The UK left the European Union and its single market and customs union on 31 January 2020, with a transitional period applying until 31 December 2020. On the 24 December 2020 the Trade and Cooperation Agreement (TCA) was provisionally agreed between the EU and the UK.
Whilst the UK Parliament ratified the TCA on 30 December 2020, the EU Parliament is yet to do so and a vote to ratify the TCA seems unlikely before the end of April 2021. Until it does, the TCA remains a provisional agreement only.
The TCA has been heralded by the Government as delivering the Brexit the British public voted for, but it is far from clear what the TCA actually delivers.
The TCA is essentially a framework agreement which establishes the route and mode of the journey by which the UK will forge its future relationship with the EU. Further agreements will need to be negotiated under the common principles and dispute resolution mechanism provided by the TCA. It establishes an institutional framework of a myriad of committees and work groups, presided over by the Partnership Council. In short, the UK will be embroiled in negotiations with the EU for many years and the regime under which they will take place is extremely complicated. Also, the TCA will be reviewed by the EU and UK every five years. As this coincides with the cycle of general elections, the TCA may become a topic of fierce political debate for years to come.
The TCA does, however, contain a free trade agreement which covers the trade in goods, services and investment, digital trade, intellectual property, public procurement, energy and ‘level playing field’ assurances to ensure fair competition between the EU and UK. Most of the free trade agreement does little more than record the commitments of the parties, with the agreement on trade in goods providing the most tangible immediate outcome, with core rules to facilitate free movement of goods with zero tariffs. As we are seeing in the press, however, those rules are proving quite challenging to navigate, particularly those that relate to rules of origin and measures to protect human, animal and plant life. Nonetheless businesses appear to be adapting to the new regime.
The agreement as it relates to services is far less extensive and there is a dearth of clear guidance on the current position. Whilst a lot of press attention is being paid to the movement of goods between the EU and UK, not much is being paid to the impact on the UK’s export of services to the EU and on those businesses that rely on personnel being able to travel to work in EU to facilitate the supply of services.
This belies the potential impact. According to a briefing paper by Matthew Ward on Statistics on UK-EU Trade dated 10 November 2020, in 2019 43% of all UK exports were to the EU, totalling £294bn, and of that amount, 42% related to the export of services.
Financial services and “other business services” represented 54% of UK services exported to the EU. Of this, 21% (£25bn) related to financial services, and 33% related to “other business services”, which includes legal, accounting, advertising, research and development, architectural, engineering and other professional and technical services.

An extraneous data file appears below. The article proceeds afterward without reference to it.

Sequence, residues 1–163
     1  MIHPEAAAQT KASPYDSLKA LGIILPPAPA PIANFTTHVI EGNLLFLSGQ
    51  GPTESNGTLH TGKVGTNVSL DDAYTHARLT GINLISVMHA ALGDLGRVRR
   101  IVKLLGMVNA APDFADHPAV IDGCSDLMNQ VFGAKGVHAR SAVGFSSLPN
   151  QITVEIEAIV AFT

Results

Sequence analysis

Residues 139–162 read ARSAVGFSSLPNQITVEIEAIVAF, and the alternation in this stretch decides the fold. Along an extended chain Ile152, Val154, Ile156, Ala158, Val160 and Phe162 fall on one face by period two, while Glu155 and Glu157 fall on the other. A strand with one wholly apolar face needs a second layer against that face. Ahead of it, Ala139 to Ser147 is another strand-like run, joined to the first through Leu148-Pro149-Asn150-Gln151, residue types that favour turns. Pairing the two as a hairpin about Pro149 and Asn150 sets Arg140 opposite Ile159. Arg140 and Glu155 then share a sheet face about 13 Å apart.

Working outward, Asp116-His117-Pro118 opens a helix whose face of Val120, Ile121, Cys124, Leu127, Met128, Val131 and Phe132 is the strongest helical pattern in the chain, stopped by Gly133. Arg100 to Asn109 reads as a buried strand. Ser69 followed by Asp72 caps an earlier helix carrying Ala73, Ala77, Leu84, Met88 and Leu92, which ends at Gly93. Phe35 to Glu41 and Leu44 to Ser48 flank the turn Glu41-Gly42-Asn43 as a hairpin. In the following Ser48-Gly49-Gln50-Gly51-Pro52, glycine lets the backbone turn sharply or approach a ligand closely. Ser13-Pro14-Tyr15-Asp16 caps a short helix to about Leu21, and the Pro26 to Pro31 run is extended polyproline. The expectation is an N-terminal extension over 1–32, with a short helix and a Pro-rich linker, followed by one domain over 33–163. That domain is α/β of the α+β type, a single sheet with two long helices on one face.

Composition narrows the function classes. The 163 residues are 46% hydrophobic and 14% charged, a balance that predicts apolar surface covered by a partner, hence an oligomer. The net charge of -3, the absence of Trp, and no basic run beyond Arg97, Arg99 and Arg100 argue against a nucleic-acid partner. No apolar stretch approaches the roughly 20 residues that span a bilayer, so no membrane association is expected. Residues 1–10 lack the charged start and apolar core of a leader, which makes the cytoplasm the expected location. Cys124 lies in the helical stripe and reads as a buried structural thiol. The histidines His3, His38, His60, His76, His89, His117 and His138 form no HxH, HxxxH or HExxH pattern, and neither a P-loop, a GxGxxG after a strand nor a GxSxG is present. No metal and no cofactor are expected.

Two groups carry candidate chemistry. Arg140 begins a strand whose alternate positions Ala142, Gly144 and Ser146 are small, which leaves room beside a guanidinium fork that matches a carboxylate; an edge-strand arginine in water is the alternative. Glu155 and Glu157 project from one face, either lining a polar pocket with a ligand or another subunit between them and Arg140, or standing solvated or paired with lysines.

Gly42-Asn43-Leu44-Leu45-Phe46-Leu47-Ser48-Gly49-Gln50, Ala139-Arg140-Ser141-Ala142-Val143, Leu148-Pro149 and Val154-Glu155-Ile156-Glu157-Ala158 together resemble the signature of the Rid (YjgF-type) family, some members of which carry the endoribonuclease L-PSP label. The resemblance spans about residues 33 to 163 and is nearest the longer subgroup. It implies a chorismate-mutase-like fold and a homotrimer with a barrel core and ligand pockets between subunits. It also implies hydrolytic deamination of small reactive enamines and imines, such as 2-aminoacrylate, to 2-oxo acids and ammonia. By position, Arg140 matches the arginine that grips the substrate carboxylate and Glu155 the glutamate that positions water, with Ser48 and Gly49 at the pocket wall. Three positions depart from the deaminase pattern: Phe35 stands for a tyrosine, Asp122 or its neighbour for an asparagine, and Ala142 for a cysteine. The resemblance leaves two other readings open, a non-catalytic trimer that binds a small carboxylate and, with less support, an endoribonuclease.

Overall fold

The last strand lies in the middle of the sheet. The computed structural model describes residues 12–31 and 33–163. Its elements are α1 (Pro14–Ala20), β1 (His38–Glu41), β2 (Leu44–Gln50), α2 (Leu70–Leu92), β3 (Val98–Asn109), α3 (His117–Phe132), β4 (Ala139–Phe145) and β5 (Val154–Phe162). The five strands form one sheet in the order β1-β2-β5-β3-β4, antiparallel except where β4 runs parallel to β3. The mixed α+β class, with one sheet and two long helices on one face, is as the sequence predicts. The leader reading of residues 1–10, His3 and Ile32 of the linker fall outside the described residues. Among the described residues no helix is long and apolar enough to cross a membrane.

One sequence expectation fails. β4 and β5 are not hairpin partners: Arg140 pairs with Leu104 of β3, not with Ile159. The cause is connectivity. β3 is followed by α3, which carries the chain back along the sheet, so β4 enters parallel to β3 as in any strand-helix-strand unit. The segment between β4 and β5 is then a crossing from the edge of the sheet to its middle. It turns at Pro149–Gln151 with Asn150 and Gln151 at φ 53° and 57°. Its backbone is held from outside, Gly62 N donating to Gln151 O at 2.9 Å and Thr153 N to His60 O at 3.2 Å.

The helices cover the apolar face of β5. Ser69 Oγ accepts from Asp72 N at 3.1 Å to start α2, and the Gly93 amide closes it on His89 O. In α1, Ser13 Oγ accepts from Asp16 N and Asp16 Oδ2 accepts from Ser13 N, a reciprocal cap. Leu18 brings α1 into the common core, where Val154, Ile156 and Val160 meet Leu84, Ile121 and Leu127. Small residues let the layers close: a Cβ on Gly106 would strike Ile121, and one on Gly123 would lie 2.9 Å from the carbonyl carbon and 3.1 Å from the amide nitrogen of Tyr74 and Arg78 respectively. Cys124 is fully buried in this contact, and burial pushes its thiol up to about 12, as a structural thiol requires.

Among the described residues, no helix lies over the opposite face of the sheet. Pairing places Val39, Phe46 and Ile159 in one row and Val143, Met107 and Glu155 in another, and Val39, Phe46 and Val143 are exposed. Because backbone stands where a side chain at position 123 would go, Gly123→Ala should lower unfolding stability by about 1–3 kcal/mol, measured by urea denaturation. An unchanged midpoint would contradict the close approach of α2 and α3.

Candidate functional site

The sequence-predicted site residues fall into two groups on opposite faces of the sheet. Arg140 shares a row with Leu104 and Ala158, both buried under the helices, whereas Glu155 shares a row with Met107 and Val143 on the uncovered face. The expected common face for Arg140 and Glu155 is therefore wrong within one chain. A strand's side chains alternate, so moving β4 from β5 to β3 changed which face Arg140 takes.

All businesses that trade with the EU, whether it is in the form of the export/import of goods and raw materials, or of services, will benefit from clearer guidance and commentary on the TCA and what is likely to follow. Unfortunately, the Government’s decision to disband the House of Common’s Brexit Committee will drastically reduce the amount of cross party scrutiny of the EU-UK negotiations that lie ahead. Public access to impartial information is not easy, with the press and political commentators often being very divided, and partial, on Brexit. This leaves trade and legal commentators as possibly providing the most reliable scrutiny of the TCA and the further agreements that should flow from it in order to provide what Brexit promised to deliver.
Birketts is pleased to confirm that we will be joined by Professor Catherine Barnard of the University of Cambridge on 28 April 2021. Professor Barnard will explore the intricacies of the TCA, what it delivers for business and what it doesn’t, and what is likely to follow. There will be an opportunity to put questions to Professor Barnard during a Q & A session, and we would invite you to pose any questions you may have in advance when you register for the event. There may also be opportunity to field questions on the day, time permitting. The webinar will take place between 10:30am and 12:00pm.
About the speaker
Professor Catherine Barnard is Professor of European Union Law in the Faculty of Law at the University of Cambridge. Her research interests include European Union law and labour and discrimination law. She has an MA from the University of Cambridge, an LL.M. from the European University Institute, and a PhD from Cambridge. Professor Barnard is a Fellow of Trinity College. She has regularly appeared in front of Parliamentary Select Committees giving evidence on Brexit related matters, as well as briefing government departments about aspect of the withdrawal legislation. She appears regularly in the national media.